I read in an article recently that it took us several hundred thousand years to go from 0 to 1 billion people, and only 12 years from 6 to 7 billion which is expected to be the count for the world population in 2011. So many people, everywhere, and a number that is growing so rapidly, has gotten many people seriously questioning the prospects of sustainability and life quality. It is estimated that 1 billion people suffer chronic malnutrition and many more are just scraping by, affected by floods and other climate disasters that countries are unable, in one or several ways, to help their citizens survive. At the other end of the line, where the life and death scenario is not an immediate issue but where people are struggling to find meaning of their existence in this big world, you have the misplaced, the in-betweens, and the getting-by’s of Western so-called developed countries. Someone has said that we are losing touch with compassion, empathy and solidarity across the board the last decades, that our trip to individuality has left us so me-me-me fixated that we cannot see past the tip of our noses if it doesn’t apply to us in an immediate fashion.
I got a call from Amnesty yesterday. It was a person on the other end who first thanked me for my contributions in the previous year and then told me that they could use more help if I was up for it. He then went on to talk about a specific place where my contribution (they never say money, maybe it is just to dirty a word, to acknowledge that our society has built itself around currency) could do good, namely Haiti, where women are raped in greater numbers than ever before due to the lack of control and corruption that leave the police at best indifferent (his words) to the women’s suffering. Finally he asked in a meek voice if I thought that I had some way of making room in my budget so I could possibly up my contribution a little bit, so they could do more humanitarian work. When I said yes to his suggestion he sounded so genuinely happy, that I felt really ashamed that I had not suggested a larger amount of money. And then surprised by this. Now why on earth was I not just happy to contribute?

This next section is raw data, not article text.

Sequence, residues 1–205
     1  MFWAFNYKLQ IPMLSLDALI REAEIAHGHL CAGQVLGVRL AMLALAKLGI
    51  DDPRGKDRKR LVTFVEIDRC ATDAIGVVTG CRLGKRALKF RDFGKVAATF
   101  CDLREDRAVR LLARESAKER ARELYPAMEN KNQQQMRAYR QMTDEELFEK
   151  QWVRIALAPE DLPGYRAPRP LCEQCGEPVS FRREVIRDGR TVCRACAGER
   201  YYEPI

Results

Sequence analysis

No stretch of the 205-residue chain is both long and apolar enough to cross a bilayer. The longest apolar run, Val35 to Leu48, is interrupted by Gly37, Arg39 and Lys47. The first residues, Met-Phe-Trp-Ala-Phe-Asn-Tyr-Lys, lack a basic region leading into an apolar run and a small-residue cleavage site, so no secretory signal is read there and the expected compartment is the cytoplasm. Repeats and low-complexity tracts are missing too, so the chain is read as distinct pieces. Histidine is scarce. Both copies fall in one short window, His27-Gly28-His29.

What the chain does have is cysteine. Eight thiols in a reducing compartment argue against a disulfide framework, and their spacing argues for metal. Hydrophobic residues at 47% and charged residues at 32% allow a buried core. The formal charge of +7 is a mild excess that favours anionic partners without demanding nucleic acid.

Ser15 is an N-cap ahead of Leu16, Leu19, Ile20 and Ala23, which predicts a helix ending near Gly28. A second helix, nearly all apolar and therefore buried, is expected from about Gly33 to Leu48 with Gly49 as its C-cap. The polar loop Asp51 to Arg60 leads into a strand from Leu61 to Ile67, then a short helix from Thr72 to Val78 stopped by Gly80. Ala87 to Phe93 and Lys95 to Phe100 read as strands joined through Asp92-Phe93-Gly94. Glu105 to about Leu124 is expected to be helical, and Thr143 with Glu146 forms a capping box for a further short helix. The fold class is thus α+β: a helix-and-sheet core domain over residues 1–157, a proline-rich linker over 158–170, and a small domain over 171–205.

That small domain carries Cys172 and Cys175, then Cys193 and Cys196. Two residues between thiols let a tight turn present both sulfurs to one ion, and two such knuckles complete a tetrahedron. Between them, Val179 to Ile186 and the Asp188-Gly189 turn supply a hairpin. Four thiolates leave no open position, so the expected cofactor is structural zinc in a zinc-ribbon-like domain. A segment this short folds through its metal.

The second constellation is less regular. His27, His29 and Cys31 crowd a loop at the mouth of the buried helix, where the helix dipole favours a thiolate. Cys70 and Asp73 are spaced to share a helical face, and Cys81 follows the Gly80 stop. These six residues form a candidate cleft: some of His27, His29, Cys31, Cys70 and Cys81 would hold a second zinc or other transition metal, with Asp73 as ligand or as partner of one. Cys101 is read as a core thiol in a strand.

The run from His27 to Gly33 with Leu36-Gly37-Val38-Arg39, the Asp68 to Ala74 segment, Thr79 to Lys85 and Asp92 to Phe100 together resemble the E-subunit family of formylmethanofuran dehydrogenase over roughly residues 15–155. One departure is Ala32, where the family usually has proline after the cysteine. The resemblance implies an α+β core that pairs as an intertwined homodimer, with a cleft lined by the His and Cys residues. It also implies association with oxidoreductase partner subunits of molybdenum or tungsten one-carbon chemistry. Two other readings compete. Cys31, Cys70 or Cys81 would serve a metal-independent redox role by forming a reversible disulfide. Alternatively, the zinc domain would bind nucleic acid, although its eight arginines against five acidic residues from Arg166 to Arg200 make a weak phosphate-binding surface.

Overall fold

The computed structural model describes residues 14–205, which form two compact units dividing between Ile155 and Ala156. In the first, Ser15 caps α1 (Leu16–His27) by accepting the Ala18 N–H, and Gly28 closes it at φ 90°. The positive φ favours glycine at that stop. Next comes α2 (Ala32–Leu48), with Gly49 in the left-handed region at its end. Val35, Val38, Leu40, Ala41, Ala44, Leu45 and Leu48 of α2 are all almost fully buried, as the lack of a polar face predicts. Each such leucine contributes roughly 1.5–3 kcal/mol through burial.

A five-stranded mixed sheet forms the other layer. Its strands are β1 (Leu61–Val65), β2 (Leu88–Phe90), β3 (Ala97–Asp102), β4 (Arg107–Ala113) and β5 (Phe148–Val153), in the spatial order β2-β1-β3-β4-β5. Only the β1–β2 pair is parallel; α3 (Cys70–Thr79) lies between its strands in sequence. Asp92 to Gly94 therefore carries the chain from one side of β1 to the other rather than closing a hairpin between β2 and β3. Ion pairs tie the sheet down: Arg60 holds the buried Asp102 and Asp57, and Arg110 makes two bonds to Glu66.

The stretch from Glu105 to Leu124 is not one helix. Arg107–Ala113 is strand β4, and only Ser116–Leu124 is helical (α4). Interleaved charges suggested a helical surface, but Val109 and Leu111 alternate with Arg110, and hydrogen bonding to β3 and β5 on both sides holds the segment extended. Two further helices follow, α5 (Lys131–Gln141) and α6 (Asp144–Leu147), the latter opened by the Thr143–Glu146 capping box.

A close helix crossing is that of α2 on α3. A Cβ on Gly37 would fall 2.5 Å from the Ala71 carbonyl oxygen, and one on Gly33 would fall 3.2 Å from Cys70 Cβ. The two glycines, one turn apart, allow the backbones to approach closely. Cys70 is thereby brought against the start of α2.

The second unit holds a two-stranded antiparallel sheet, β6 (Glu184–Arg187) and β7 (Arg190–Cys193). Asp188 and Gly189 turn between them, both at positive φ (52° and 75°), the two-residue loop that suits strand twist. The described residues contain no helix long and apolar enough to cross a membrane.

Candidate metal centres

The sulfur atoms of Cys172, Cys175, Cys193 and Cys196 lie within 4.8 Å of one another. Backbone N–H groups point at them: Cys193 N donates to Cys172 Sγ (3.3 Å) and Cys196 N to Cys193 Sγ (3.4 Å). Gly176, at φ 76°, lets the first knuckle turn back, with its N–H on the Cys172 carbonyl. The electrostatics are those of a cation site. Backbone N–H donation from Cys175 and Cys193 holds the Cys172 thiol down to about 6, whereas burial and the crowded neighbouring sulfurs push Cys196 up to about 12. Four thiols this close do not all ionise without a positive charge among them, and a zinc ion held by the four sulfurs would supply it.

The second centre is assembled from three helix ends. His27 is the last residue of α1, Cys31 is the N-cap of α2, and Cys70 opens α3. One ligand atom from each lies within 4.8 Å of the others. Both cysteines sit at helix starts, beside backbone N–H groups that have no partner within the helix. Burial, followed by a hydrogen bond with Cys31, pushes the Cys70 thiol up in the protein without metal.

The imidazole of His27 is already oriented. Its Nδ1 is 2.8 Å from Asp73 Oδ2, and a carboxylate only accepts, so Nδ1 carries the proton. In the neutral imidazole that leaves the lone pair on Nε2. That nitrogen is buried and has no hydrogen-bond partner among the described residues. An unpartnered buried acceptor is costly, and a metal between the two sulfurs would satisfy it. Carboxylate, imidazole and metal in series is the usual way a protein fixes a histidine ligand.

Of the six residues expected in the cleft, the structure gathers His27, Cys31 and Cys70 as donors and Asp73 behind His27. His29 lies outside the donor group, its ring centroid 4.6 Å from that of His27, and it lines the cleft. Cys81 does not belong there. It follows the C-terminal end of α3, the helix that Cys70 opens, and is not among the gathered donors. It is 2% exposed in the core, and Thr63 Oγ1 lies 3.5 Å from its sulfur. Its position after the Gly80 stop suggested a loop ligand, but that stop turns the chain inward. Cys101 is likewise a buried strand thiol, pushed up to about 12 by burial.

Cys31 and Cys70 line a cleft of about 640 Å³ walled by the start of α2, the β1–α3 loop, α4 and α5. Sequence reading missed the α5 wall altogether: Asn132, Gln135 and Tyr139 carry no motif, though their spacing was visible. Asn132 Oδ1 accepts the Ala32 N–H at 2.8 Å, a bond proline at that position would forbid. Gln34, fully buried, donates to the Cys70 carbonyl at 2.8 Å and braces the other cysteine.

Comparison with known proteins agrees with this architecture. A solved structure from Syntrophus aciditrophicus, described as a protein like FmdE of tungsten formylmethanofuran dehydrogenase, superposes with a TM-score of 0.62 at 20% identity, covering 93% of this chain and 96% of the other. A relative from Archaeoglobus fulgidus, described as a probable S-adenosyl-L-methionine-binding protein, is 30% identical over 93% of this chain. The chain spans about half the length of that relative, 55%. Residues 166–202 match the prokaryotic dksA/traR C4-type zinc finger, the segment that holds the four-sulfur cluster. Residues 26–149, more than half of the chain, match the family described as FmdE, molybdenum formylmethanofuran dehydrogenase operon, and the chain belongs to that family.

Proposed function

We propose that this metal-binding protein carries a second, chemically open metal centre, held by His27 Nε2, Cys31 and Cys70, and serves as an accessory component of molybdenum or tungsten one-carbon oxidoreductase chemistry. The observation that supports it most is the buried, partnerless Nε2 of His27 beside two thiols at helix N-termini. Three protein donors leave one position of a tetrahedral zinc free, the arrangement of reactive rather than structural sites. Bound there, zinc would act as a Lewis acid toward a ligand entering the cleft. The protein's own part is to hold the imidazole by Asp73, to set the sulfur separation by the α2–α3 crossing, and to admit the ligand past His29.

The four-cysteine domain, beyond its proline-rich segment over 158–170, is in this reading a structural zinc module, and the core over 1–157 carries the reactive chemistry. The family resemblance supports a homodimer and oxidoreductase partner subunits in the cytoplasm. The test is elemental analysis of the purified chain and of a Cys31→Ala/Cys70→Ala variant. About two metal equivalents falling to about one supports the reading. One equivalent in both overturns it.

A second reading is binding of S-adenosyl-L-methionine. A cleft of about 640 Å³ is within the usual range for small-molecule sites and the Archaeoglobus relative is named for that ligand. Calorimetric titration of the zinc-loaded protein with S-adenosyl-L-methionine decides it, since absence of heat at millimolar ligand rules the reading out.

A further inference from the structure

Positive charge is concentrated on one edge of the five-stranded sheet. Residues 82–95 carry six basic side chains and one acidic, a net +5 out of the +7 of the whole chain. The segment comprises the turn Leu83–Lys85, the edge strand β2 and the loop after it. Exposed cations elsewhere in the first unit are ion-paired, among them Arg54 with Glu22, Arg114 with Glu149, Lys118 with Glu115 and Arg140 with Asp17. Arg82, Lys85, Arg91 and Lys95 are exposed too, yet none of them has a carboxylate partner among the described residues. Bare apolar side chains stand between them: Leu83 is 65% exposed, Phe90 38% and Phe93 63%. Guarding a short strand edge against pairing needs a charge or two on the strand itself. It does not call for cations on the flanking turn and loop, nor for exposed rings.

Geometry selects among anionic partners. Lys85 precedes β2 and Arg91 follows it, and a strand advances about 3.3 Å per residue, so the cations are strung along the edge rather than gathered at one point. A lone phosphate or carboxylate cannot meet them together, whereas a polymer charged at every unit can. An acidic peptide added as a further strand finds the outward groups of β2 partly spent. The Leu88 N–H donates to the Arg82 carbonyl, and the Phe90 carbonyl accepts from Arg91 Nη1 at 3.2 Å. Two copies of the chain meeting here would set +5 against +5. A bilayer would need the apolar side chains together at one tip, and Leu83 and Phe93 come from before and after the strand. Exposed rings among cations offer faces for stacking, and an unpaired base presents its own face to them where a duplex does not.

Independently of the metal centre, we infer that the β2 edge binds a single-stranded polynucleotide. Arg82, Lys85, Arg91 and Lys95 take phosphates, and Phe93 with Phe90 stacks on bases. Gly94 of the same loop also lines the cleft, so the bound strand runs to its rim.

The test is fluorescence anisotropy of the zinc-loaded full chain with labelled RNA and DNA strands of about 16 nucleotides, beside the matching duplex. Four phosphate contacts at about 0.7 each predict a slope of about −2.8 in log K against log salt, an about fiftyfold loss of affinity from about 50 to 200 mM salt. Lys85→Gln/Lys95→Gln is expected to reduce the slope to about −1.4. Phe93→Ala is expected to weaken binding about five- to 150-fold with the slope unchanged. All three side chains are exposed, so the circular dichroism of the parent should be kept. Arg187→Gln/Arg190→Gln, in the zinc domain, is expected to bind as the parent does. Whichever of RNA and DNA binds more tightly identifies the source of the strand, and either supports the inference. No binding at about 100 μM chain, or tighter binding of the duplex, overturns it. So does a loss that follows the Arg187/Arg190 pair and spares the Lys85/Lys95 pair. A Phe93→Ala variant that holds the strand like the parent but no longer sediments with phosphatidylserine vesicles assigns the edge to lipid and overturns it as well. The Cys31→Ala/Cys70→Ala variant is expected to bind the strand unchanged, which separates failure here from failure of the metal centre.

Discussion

And why mention this in a book blog? Well, I have had these kinds of thoughts with me while I read Harstad’s ‘Buzz Aldrin, hvor ble det av deg i alt mylderet?’ (English title: Buzz Aldrin, what happened to you in all the confusion?). Maybe it’s a bit weird to introduce Harstad’s novel with these two very concrete examples, since it is not a book that deals with natural disasters, famine or (over)population. But it deals with the one in the masses of humanity, and what effect they have on others, what sort of chain reactions lead on lifeline over to another. For me Harstad’s character, Mattias, is a central contemporary voice of those in-between’s. He is also the One in the book – the individual, the center of causality. But even so, it is not an egomaniac who fills the pages. You feel like slapping him for his apathetic and apologetic nature, and yet you sympathize and identify with him. The novel centers around a person who is dislodged and alienated from himself, his family, his girlfriend and society so much, and just wants to fizzle out in the great vast ocean of people, to not attract attention or make a fuzz, that he ‘flees’ from Norway to the Faroe Islands. A place where no one knows him and he knows no one. In this postmodern, fast-paced lifestyle he is one person who does not feel or doesn’t want to feel the drive of a winner, a top-competitor, someone who strives to be the best, at one point it states that he wanted to be the best second-best or runner up. He just wants to get by, to fill some service void, and get on with it. At the same time he is caught between two places, because he is aware of the fact that he doesn’t want to disappoint those who are close to him – he is scared to oblivion of being useless, of being in the way. He creates a buffer around his person and all around him. But on the Faroes he discovers a group of people (or rather they discover him) who take him in – at a psychiatric half-way house – and he connects with them. They are in a way embodiments of his own fears, and at the same time mirrors of his situation. Together they form a society of in-betweens.